Researchers have successfully applied machine learning to guide the synthesis of new nanomaterials, eliminating barriers associated with materials discovery. The highly trained algorithm combed through a defined dataset to accurately predict new structures that could fuel processes in clean energy, chemical and automotive industries.
- Quantum marbles in a bowl of lighton December 22, 2021 at 8:11 pm
Which factors determine how fast a quantum computer can perform its calculations? Physicists have devised an elegant experiment to answer this question.
- Machine learning models quantum deviceson December 22, 2021 at 1:40 pm
Technologies that take advantage of novel quantum mechanical behaviors are likely to become commonplace in the near future. These may include devices that use quantum information as input and output data, which require careful verification due to inherent uncertainties. The verification is more challenging if the device is time dependent when the output depends on past inputs. For the first time, researchers using machine learning dramatically improved the efficiency of verification for time-dependent quantum devices by incorporating a certain memory effect present in these systems.
- Sensor based on quantum physics could detect SARS-CoV-2 viruson December 21, 2021 at 6:34 pm
Researchers found it’s possible to design a sensor, based on quantum physics, that could detect the SARS-CoV-2 virus. The approach may offer faster, cheaper, and more accurate detection of Covid-19, including of new variants.
- Swinging on the quantum levelon December 21, 2021 at 3:27 pm
For many applications making use of quantum effects, the light has to be in a certain state — namely a single photon state. But what is the best way of generating such single photon states? Researchers have now proposed an entirely new way.
- Speeding the development of fusion energyon December 21, 2021 at 12:06 am
Profile of path-setting method to simulate the crazy-quilt movement of free electrons during experimental efforts to harness on Earth the fusion power that drives the sun and stars. The method cracks a complex equation that can enable improved control of the random and fast-moving moving electrons in the fuel for fusion energy.
- 3D printed nanomagnets unveil a world of patterns in the magnetic fieldon December 20, 2021 at 5:06 pm
Researchers have created DNA-like magnetic nanostructures that form strong inter-helix magnetic bonds. These produce topological textures in the magnetic field, opening the door to the next generation of magnetic devices, and patterning magnetic fields on the nanoscale.
- Measuring a quantum computer’s power just got faster and more accurateon December 20, 2021 at 5:06 pm
What does a quantum computer have in common with a top draft pick in sports? Both have attracted lots of attention from talent scouts. Quantum computers, experimental machines that can perform some tasks faster than supercomputers, are constantly evaluated, much like young athletes, for their potential to someday become game-changing technology.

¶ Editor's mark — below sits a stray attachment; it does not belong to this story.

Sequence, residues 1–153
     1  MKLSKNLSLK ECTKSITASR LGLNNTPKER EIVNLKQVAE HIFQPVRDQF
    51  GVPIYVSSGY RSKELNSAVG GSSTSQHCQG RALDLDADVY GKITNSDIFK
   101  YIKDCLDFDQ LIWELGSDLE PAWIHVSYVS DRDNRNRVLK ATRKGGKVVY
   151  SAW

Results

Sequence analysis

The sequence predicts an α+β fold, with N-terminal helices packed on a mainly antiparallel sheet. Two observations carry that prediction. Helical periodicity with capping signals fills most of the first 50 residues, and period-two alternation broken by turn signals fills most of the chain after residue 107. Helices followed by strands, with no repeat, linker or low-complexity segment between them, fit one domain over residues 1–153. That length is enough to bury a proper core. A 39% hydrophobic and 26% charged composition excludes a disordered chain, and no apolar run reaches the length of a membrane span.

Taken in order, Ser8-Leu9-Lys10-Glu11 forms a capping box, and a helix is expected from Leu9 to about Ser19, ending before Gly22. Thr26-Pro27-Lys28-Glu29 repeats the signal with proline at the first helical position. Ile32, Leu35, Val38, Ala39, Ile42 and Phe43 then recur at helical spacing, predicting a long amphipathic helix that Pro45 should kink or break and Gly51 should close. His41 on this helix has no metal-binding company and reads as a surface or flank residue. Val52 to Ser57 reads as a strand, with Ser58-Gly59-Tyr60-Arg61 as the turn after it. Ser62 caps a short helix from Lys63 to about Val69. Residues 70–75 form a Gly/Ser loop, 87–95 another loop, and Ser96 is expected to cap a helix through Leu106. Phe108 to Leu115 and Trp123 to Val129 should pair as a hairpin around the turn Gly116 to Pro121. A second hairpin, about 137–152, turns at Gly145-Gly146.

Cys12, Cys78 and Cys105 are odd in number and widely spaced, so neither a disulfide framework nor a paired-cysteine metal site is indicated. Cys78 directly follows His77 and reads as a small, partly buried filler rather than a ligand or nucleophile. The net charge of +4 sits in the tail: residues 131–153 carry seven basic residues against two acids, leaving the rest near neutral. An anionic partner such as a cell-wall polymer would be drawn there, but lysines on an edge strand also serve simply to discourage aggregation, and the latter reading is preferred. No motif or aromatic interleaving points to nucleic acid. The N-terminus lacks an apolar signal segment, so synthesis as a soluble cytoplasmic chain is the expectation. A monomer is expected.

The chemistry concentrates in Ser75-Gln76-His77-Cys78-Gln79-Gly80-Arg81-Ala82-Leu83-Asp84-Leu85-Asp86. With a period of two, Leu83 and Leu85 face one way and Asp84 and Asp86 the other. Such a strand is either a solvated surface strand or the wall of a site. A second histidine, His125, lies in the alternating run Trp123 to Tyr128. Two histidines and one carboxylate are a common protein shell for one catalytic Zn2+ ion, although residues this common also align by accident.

- Moments of silence point the way towards better superconductorson December 20, 2021 at 5:06 pm
High-precision measurements have provided important clues about processes that impair the efficiency of superconductors. Future work building on this research could offer improvements in a range of superconductor devices, such quantum computers and sensitive particle detectors.
- Magnetic ‘hedgehogs’ could store big data in a small spaceon December 17, 2021 at 4:32 pm
Atomic-scale magnetic patterns resembling a hedgehog’s spikes could result in hard disks with massively larger capacities than today’s devices, a new study suggests. The finding could help data centers keep up with the exponentially increasing demand for video and cloud data storage.
- Demonstrating Feshbach resonances between a single ion and ultracold atomson December 16, 2021 at 7:59 pm
A team has demonstrated magnetic Feshbach resonances between a single barium ion and lithium atoms at near absolute zero temperature. The researchers found that depending on the strength of the external magnetic field, the expansion of the ion and atoms can be controlled.
- Nanodiamonds are key to efficient hydrogen purificationon December 16, 2021 at 7:59 pm
Researchers describe how nanodiamond-reinforced composite membranes can purify hydrogen from its humid mixtures, making the hydrogen generation processes vastly more efficient and cost-effective.
- A quantum view of ‘combs’ of lighton December 16, 2021 at 7:59 pm
Frequency microcombs are specialized light sources that can function as light-based clocks, rulers and sensors to measure time, distance and molecular composition with high precision. New research presents a novel tool for investigating the quantum characteristics of these sources.